By: Bettina Makalintal
August 19, 2019
The internet has been good for Maria Qamar, the Toronto-based artist known as @hatecopy, giving her not just a platform for art she once did in secret, but also a community of over 176,000 fans, many of whom seek out her sharp commentary on Desi culture. But while her bold pop art has lived a strong life online, Qamar sees value in taking that art into the real world—hence her show, Fraaaandship!, which opened at New York City’s Richard Taittinger Gallery earlier this month and will remain on view until September 2.
Fans might be used to double-tapping Qamar’s colorful designs on screens, but in real life, everything is bigger and bolder. For her first solo show in the city, Qamar has juxtaposed her incisive paintings with irreverent inflatables, like a 10-foot-tall inflatable lota (an “ass-washing device,” according to Qamar) and giant, helium-filled bags of Maggi noodles. The paintings, meanwhile, focus on female bonding in an age of “fraaandship,” a phrase that refers to shady sexual advances from men online.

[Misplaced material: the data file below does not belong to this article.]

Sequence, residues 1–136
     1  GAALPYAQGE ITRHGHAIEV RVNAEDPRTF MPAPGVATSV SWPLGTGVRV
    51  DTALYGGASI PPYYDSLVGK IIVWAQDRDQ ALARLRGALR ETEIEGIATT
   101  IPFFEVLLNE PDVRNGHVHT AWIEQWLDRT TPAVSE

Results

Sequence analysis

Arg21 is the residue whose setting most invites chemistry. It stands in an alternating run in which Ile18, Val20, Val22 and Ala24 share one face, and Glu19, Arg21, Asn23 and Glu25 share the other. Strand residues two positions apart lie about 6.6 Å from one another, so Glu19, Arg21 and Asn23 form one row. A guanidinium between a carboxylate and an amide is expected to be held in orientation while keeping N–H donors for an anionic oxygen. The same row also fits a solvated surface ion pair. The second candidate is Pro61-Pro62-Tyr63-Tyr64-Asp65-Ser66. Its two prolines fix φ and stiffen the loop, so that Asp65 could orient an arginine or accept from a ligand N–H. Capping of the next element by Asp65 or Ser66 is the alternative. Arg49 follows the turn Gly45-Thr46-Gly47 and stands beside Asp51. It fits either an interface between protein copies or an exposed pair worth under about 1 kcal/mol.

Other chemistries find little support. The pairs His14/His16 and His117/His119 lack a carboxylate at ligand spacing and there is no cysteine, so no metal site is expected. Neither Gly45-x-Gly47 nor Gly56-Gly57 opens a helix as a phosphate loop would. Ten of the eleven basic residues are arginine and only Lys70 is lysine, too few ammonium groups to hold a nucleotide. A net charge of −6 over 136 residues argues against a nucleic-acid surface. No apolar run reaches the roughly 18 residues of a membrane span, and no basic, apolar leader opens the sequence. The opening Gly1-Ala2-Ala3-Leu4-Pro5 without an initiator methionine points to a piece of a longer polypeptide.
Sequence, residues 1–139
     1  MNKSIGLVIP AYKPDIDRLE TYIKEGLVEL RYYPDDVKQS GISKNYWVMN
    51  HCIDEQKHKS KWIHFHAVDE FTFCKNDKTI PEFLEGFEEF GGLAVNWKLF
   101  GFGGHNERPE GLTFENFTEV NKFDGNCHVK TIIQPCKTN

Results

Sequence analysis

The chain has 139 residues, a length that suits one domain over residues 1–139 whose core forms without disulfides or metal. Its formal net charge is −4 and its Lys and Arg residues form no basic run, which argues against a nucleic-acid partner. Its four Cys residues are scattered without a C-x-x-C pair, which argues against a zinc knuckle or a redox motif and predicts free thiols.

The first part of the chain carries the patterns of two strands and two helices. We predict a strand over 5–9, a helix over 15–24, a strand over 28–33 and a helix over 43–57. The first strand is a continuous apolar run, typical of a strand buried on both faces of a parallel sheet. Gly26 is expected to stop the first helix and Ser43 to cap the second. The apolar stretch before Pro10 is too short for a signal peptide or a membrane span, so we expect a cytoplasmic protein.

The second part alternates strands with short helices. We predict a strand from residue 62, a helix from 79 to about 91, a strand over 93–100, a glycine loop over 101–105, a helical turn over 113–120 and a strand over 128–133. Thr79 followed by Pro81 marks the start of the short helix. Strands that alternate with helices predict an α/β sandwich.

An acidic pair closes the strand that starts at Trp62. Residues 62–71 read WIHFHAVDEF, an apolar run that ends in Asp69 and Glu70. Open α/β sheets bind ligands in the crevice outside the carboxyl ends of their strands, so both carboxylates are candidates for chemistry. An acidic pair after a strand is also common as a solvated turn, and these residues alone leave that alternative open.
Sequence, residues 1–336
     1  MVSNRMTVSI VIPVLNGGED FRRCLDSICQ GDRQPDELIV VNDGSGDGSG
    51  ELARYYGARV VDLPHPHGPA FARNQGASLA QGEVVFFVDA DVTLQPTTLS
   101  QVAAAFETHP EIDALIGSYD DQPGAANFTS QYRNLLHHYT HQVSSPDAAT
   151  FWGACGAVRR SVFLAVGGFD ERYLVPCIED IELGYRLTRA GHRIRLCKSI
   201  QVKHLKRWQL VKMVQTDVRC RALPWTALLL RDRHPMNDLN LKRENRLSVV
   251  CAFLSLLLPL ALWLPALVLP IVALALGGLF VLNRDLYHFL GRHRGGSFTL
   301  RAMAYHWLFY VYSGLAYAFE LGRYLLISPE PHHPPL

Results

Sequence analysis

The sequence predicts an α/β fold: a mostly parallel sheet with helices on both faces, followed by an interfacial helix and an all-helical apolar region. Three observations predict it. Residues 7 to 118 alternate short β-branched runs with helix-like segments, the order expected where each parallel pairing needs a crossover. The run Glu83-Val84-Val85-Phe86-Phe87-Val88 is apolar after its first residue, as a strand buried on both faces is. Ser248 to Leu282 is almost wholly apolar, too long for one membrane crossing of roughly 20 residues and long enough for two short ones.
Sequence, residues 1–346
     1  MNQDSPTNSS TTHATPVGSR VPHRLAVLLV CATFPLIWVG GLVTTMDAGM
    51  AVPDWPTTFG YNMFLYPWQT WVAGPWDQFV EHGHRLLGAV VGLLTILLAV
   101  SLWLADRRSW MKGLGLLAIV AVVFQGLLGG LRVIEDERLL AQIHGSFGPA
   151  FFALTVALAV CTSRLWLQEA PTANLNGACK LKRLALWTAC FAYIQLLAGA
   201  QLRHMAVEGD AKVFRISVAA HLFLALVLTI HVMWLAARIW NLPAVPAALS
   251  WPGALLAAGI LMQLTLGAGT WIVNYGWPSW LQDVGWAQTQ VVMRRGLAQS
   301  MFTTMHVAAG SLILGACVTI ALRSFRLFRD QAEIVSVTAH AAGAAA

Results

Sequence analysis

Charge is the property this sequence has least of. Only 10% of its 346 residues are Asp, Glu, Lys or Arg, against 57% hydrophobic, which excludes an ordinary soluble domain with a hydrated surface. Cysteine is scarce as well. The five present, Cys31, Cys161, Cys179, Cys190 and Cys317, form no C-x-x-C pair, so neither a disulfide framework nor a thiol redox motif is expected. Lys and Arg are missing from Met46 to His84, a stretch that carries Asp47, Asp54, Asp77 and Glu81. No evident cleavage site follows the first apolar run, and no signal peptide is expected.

Making people feel seen is the point. Fraaaandship! is art meant for the Desi diaspora made by one of its own; Qamar moved to Canada from Pakistan at the age of nine. The goal of the show, Qamar explained, is to make space for “Desis of all generations and immigrants of all generations” to feel both safe and centered. “My work is a little bit here we are, and a little bit unapologetic in that sense,” Qamar told VICE. “That’s exactly what’s going on: you’re being spoken to. I’m talking to you.”
By starting conversations, Qamar hopes her art can spark change and push people in her Desi community to question what might be written off as tradition. We caught up with Qamar to talk about her work, why she makes it, and how changing communities must first start at home.